BBC Director-General George Entwistle tells MPs up to 10 “serious allegations” are being investigated and that the corporation’s previous practices seemed “to allow” Jimmy Savile to abuse young girls.
Appearing in front of the culture media and sport select committee, Mr Entwistle also said a Newsnight investigation into claims that Savile sexually abused young people should have been allowed to continue. He denied Newsnight editor Peter Rippon had been ordered to pull the programme.
He revealed that past and present BBC employees were being investigated following the allegations against Savile. This included sexual harassment claims against serving employees, but Mr Entwistle said he could not say how many people were involved.
“We are looking at between five and 10 serious allegations relating to activities over the whole period in question, the Savile period,” he said.
Mr Entwistle said the BBC’s reputation had been damaged by the scandal.
“There’s no question that what Jimmy Savile did and the way the BBC behaved… the culture and practices of the BBC seems to allow Jimmy Savile to do what he did, will raise question of trust for us and reputation for us. There’s no question about that.
“It is a gravely serious matter and one cannot look back at it with anything but horror that his activities went on as long as they did undetected.”
Mr Entwistle said it had been wrong to discontinue a Newsnight investigation into Savile, the subject of a BBC Panorama programme on Monday night.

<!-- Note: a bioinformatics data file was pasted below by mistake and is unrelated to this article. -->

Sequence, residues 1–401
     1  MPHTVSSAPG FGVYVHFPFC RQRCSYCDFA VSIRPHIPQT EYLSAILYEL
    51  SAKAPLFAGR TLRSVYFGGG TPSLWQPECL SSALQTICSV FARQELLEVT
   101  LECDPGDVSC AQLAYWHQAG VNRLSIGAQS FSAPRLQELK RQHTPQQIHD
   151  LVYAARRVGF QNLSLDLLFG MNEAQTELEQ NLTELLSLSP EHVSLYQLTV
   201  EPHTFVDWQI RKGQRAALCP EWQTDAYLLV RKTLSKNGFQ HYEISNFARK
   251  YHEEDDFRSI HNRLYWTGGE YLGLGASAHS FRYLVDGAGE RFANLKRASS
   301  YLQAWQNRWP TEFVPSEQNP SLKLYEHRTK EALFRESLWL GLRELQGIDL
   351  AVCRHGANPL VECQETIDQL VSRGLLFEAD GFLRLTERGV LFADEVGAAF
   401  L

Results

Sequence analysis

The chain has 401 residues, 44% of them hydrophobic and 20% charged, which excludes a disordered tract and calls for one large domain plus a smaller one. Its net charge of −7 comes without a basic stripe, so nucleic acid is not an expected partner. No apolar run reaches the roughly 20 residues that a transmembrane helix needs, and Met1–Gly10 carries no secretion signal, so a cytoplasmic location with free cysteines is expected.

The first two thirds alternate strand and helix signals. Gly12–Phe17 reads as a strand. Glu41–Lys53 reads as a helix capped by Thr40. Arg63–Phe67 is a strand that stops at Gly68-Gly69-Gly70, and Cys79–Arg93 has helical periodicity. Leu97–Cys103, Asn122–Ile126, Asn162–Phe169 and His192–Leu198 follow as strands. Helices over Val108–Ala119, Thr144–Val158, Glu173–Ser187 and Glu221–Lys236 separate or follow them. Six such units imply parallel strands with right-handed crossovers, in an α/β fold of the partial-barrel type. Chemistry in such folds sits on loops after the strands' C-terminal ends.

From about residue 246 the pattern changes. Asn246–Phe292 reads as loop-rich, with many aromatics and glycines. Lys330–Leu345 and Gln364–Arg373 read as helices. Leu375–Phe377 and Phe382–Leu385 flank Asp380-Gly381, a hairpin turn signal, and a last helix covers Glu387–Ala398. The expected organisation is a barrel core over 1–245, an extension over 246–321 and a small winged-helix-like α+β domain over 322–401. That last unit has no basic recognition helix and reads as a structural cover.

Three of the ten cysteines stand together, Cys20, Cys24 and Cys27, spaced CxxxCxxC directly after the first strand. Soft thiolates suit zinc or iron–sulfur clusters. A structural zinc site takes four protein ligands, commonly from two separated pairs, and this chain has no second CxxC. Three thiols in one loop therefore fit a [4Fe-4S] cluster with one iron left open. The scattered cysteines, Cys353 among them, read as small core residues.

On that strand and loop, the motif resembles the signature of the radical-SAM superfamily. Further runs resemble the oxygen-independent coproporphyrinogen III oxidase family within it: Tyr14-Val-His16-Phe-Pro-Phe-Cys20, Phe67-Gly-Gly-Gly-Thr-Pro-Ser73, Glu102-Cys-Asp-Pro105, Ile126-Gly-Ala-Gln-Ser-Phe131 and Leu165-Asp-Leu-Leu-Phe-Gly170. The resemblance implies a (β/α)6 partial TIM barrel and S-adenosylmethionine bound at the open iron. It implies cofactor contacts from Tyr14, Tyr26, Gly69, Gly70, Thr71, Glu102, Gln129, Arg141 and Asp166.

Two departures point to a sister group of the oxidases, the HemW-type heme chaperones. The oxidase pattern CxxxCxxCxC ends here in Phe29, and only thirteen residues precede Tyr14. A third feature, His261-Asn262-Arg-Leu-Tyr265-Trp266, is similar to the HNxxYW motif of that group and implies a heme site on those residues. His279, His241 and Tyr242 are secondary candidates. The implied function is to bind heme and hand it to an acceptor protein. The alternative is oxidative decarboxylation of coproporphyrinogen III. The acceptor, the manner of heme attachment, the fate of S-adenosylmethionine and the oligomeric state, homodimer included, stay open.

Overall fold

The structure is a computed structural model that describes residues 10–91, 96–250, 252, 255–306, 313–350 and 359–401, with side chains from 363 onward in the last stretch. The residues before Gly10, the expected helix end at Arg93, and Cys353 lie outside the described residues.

“I came away from Panorama firmly of the view that that investigation, even if, in the judgment of the editor, it wasn’t ready for transmission at the point he was looking at it, should have been allowed to continue.”
Despite the furore, Mr Entwistle said he did not accept the corporation had mishandled its response to the allegations against Savile.
“I would accept that there have been times when we have taken longer to do things than in a perfect world I would have liked.
“But I think if you looked at what we have achieved since the scale of the crisis became clear, I think you see we have done much of what we should have done and done it in the right order and with proper respect paid to the right authorities.”
Mr Entwistle appeared in front of MPs the day after Peter Rippon “stepped aside” as editor of Newsnight.
The BBC said on Monday that his previous explanation of why the programme had dropped its investigation into Savile was “inaccurate or incomplete”.
Earlier this month, Mr Rippon defended his decision to axe the report in a BBC blog, which suggested the Newsnight investigation was principally into the handling of a Surrey police inquiry into Saville and implied that the programme had not unearthed significant new information.
Mr Entwistle said it was “deeply regrettable” that the blog proved to be inaccurate.
“What I relied upon is something that in my BBC career I’ve always been able to rely upon, which is the editor of a programme having a full grip and understanding of an investigation they were in charge of,” he said.
“In this case that doesn’t appear to have been the case, and that is disappointing.”
He said the decision of what material went to air on the BBC was for the editor of an individual programme, and not for him as editor-in-chief.
Mr Entwistle said a review by the former head of Sky News, Nick Pollard, would look at why the investigation was pulled.
“One of the questions it’s important for the Pollard review to ask is why was the investigation stopped rather than being allowed to continue, and then there’s the question of what should have happened corporately with the information that investigation had discovered.”